JEFFERSON COUNTY, Ala. (WIAT) — The roads people take to and from work every day can be the cause of daily wear and tear on their cars, but one road in Jefferson County is giving drivers trouble every day.

A resident who takes Cedar Street to work every day recently reached out to the CBS 42 “Your Voice Your Station” to share the road conditions they are facing. The specific stretch of road they were concerned about falls in a tricky spot, right around a railroad crossing. Neighbors describe the patch of road as poorly maintained, even causing damage to some of their cars and vehicles.

This area falls right between the city limits of Birmingham and Tarrant, as well as unincorporated Jefferson County. Residents couldn’t get any answers, so they turned to CBS 42 to get them.

CBS 42 anchor Lillian Lalo spoke with several residents, including Barbara Abney, who works in Tarrant and drives this stretch of road every day. She said she used to drive a small car, but taking this road every day forced her to change that, with the roadway ripping the muffler off her car.

“It broke it. It didn’t take it all out–broke it,” Abney said.

Cedar Street has left Abney with no choice but to drive a different vehicle. She said the vehicle she drives now is big, but it can go over the bumps and tracks, making it essential to keep all the pieces of her vehicle intact.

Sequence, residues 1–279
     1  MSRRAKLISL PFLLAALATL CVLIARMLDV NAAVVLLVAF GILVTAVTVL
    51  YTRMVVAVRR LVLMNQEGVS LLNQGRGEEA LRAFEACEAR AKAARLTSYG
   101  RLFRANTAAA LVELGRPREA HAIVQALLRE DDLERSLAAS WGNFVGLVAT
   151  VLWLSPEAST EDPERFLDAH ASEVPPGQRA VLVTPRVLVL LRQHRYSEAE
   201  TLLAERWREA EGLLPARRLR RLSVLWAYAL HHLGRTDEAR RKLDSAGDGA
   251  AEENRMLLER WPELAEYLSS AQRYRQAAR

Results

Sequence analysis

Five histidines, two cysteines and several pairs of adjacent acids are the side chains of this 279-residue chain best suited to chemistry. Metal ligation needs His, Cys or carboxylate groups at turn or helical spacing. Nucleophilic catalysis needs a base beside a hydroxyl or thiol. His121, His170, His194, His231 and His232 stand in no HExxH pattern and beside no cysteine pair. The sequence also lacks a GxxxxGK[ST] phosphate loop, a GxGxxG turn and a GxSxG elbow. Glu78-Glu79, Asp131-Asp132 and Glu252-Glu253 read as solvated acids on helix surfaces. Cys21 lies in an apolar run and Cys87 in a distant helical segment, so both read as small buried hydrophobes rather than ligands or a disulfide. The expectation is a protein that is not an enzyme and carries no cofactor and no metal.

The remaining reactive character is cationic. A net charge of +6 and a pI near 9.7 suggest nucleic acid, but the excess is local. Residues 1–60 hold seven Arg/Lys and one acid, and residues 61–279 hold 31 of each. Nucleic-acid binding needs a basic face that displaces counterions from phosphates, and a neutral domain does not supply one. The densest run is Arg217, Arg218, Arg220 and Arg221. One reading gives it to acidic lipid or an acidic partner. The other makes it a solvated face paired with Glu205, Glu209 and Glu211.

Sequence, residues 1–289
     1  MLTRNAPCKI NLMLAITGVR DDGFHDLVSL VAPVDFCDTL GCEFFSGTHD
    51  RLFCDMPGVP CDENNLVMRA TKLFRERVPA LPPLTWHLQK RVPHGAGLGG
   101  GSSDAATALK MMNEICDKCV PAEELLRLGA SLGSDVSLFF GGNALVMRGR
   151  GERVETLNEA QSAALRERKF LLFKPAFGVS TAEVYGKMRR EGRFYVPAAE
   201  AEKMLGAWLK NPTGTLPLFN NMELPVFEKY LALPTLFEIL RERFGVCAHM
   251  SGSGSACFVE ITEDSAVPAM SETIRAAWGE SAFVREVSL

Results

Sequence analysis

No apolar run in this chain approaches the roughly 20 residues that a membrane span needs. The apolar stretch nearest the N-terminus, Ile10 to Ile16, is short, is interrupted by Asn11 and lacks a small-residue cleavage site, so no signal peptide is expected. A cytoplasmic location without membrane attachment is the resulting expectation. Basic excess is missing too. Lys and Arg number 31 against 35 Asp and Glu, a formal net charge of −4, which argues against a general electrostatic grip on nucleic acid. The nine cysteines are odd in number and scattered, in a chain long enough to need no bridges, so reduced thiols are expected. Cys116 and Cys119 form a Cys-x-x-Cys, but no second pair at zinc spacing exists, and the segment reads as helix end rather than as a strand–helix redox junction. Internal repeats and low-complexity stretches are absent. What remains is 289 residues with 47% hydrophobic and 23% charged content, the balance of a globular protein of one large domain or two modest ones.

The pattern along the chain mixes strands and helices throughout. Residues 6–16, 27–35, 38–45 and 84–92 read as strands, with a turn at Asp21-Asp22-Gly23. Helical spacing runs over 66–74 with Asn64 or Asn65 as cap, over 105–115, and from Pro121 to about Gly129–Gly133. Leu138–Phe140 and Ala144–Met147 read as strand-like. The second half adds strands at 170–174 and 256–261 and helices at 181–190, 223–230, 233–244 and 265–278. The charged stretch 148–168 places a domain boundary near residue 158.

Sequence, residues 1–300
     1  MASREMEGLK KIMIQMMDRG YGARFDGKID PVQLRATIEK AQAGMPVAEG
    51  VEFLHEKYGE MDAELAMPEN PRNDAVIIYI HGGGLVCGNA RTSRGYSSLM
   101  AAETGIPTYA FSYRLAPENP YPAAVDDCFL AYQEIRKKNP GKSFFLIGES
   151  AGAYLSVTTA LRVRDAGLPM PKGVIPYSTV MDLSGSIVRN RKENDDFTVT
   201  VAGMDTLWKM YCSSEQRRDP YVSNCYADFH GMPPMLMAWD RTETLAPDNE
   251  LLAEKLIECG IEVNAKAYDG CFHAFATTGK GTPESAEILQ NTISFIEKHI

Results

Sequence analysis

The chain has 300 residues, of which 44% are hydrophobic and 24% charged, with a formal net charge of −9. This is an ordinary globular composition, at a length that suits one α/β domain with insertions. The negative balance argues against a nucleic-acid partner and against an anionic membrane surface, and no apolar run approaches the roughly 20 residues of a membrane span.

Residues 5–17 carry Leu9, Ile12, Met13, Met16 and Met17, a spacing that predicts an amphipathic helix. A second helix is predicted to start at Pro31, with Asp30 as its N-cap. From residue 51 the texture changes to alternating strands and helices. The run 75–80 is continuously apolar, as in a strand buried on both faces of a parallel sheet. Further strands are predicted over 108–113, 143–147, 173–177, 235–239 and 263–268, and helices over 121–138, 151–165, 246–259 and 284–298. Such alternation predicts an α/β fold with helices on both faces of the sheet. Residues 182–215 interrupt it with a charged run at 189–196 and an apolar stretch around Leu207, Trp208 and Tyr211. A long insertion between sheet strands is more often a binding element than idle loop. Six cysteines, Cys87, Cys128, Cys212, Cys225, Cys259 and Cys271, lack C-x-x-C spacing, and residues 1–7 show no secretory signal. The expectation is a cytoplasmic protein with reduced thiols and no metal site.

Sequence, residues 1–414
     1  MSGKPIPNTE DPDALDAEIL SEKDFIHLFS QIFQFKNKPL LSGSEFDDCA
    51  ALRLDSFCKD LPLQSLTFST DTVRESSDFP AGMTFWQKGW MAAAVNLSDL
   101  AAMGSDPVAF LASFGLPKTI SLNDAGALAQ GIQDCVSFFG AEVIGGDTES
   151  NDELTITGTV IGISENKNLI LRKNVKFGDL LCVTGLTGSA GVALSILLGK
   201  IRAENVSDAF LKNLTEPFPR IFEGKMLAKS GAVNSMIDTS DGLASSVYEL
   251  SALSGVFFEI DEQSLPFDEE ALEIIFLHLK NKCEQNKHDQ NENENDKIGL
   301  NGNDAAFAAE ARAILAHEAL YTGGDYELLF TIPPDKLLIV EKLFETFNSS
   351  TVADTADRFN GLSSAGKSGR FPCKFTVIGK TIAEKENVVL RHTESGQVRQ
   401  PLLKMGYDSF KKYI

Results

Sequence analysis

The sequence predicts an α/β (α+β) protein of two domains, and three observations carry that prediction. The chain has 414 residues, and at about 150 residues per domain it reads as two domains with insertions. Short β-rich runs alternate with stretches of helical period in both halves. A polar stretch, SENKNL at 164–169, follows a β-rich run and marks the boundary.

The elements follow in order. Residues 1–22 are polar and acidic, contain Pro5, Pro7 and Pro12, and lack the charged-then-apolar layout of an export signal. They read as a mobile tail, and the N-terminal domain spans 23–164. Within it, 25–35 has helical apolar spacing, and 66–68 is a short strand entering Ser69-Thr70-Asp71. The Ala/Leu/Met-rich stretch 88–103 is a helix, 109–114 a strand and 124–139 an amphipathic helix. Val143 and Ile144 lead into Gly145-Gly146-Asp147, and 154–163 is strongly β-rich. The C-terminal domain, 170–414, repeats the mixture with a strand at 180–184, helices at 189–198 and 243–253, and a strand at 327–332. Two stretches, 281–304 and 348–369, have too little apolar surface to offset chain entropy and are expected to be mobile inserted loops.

Business owner Dawn McCormack said she has been affected by the road conditions along Cedar Street.

“It’s always been an issue, but it’s a lot worse now,” McCormack said. “I’ve called the city of Birmingham. I’ve tried to figure out who owns the railroad tracks…Nobody wants to claim it.”

Since the railway crossing falls right where Birmingham, Tarrant, and unincorporated Jefferson County meet, the conditions of this area fall through the cracks, and no one takes responsibility.

According to McCormack, the potholes are dangerous, forcing drivers to cross lanes of traffic to attempt to avoid them.

The question now becomes who is responsible: the city or the railroad? The Federal Railroad Administration said that maintaining the roads around railways is a joint responsibility between the railroad company and the controlling public authority.

However, each of those groups do not believe they are responsible for the road repairs.

According to federal records, this problem patch of the railroad belongs to CSX Transportation, but CSX officials said the railway belongs to the Alabama Warrior Railway. However, AWR claims ownership is held by CSX.

Both railway companies said that road repairs around the railway are the responsibility of the local government, not the railway.

“The county cannot perform work within the railroad right-of-way,” Jefferson County officials said in a statement. “We will, however, initiate conversations with CSX and see what can be done.”

Tune in to CBS 42 News tonight at 10 p.m. for the full story.